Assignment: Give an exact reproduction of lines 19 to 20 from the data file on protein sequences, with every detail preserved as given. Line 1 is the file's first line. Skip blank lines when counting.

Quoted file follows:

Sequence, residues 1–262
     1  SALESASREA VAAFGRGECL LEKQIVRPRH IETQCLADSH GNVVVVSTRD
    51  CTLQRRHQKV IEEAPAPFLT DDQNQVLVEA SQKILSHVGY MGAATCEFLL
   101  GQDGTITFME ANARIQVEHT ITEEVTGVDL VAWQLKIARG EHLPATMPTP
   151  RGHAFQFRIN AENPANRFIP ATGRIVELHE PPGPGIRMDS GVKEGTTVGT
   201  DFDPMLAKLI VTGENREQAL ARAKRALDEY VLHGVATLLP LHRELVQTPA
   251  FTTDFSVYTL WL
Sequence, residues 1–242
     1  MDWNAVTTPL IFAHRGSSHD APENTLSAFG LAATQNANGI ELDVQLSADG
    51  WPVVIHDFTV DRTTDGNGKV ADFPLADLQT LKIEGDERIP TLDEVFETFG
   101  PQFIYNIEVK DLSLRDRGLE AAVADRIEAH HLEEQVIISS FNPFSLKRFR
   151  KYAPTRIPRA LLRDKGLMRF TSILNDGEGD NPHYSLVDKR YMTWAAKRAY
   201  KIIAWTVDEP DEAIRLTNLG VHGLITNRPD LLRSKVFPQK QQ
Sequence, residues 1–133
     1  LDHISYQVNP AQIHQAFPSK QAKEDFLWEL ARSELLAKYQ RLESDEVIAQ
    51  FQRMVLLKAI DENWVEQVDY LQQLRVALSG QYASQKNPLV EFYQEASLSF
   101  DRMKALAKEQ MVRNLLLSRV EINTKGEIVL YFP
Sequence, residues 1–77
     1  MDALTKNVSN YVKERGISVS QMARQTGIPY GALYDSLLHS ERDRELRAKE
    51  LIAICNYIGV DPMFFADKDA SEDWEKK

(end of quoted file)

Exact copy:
     1  MDALTKNVSN YVKERGISVS QMARQTGIPY GALYDSLLHS ERDRELRAKE
    51  LIAICNYIGV DPMFFADKDA SEDWEKK